If you don’t have a Facebook Group yet yourself, you’re probably a member of one (or more). Why? 6 months ago, every Facebook Page post was seen by 100 people. 3 months ago it was 50. Now it’s what, 6?

Have You Started A Facebook Group?

Groups offer many advantages over pages, for you and  your customer…

  1. Reach won’t matter. If they are in your group, they’ll get a notification every time you post. While people can turn off notifications, many don’t know how, or will just leave if no longer interested. It’s a self-weeding list that will be much more loyal, and probably more interactive.
  2. It’s about conversation, not advertising. Yes, you’ll share your blog post and links to your newest service page. However, groups allow your audience to share what’s happening to them and be seen equally. That’s a huge difference, and a big step forward to truly connecting with clients. Encourage it with weekly events like “Family Friday” to share family pics or brag about a relative. Let your customers connect with you, and each other!
  3. Brainstorm with your audience. People see groups as a less public forum than pages, so they’re more ready to speak their minds. On a page, they may not tell you that idea you’re considering is a snoozer, but in a group they’ll nix it fast… and maybe suggest something that resonates with them!
  4. Guest “speakers.” if you’re into joint ventures, or just looking to bring added interest, consider inviting others from related fields into your group and highlighting them. It’s a boost for them, and potentially useful and exciting for your audience.

I could keep going. Do I really need to, though?

The Facebook Page isn’t going away just yet. It’s still entirely valuable, especially given that it shows up in search engines. That said, the best time to make hay is while the sun shines.

So, how do you get a Group going, and how do you keep people involved once they join?

This post goes over the exact step-by-step (only 5!) process of creating a group. If you haven’t already, go read that post – it opens in a new tab so you don’t lose your place here. 🙂

Once that’s done, it’s time to do some planning.

Before inviting anyone:

  1. What is your group about? Successful groups tend to revolve around topics that already have a following, or goals that many can relate to. What will your members get out of joining your group?
  2. Who is your group for? Create a detailed avatar and with each next step, ask yourself if what you’ve done will be exciting for them.
  3. What is your group called? You really want to finish 1 & 2 before you tackle this, and while you could change it later, try not to. Pick something clear and concise, but leave room for growth.
  4. Make some rules. If your group is a free-for-all at the beginning, it will probably turn into a promo-spam feed, and no one’s questions and conversations will be seen. Even if you don’t like rules, make a couple of basic, easy ones. Groups without rules end up resembling the Wild West, or 3am infomercials.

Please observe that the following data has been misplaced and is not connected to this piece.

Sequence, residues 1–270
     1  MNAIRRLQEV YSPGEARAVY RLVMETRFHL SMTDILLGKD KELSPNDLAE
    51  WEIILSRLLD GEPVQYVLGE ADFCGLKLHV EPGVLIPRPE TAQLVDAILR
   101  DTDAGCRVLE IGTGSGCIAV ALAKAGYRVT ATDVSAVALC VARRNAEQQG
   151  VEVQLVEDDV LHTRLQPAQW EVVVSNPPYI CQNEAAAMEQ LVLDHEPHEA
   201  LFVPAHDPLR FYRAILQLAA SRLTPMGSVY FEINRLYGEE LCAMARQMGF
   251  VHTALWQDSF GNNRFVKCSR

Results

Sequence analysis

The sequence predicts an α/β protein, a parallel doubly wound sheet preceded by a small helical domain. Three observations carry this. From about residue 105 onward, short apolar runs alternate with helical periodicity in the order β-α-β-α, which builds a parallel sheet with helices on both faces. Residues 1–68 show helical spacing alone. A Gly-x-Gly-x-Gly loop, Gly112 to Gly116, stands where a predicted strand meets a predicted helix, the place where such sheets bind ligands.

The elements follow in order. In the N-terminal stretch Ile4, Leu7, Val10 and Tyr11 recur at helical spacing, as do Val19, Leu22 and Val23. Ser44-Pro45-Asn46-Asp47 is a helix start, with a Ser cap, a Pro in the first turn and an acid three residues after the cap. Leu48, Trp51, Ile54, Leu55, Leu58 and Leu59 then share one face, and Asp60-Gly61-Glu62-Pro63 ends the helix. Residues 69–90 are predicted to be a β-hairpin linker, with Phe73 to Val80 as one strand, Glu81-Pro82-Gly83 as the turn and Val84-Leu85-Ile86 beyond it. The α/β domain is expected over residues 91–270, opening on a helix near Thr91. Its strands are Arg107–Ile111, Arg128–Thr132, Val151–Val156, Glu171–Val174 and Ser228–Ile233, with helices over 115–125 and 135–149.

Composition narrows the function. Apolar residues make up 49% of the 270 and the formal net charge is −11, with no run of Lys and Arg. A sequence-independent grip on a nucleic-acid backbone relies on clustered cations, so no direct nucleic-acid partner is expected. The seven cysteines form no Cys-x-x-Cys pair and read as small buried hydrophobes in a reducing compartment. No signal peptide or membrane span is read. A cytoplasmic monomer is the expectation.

5. Prepare content ahead of time. Be strategic, and try to plan your posts at least a week ahead of time. People like structure, so have set days for “events” within to the group for members to look forward to. Tuesdays are Tech Tips, Fridays are New Fan Fridays for sharing social links, etc.

Things change, and anything you decide now can absolutely change as your group grows. Having these points laid out before you start, however, will help you hit the ground running.

Action Steps for Growing Your Group

  • Share the group with your email list – as its own email. Sound obvious? You’d be surprised how many forget to do this, or just drop a single sentence at the end of a promo email.
  • Add a link to your group to the welcome emails and thank you pages of your funnels and opt ins. Add a link to your blog post signature. They’re already interested – get them invested in your community.
  • Give members a name. For example, a group called Automate and Thrive could refer to members as Thrivers. This can help instill a sense of connectedness with the community.
  • Make a list of influencers in your niche. Consider doing Q&A sessions with these people in the group to get them in and engaged.
  • Create members-only content. You can upload these into the Files section of your group, along with resource lists. This creates a feeling of exclusivity – people like feeling special!
  • Extend outside of Facebook. One of my favorite ways to do this is with group Pinterest boards, and Twitter chats are great, too. These are more publicly visible, and can draw great attention – and new members.
  • ENGAGE! You have to actively talk with your members. Don’t just wait for others to post, make posts yourself. When others do post and comment, respond! If you don’t care about your group, no one else will, either.

Sound like a lot of work? It is.

You’ll need to devote time to your Facebook Group, and you may want to bring on a Virtual Assistant to help. In addition to conversations, you’ll want to ensure spam is moderated and invited users are granted access.

The trade off can be absolutely mind-blowing, though. You can cultivate amazing relationships, and yes, get new clients.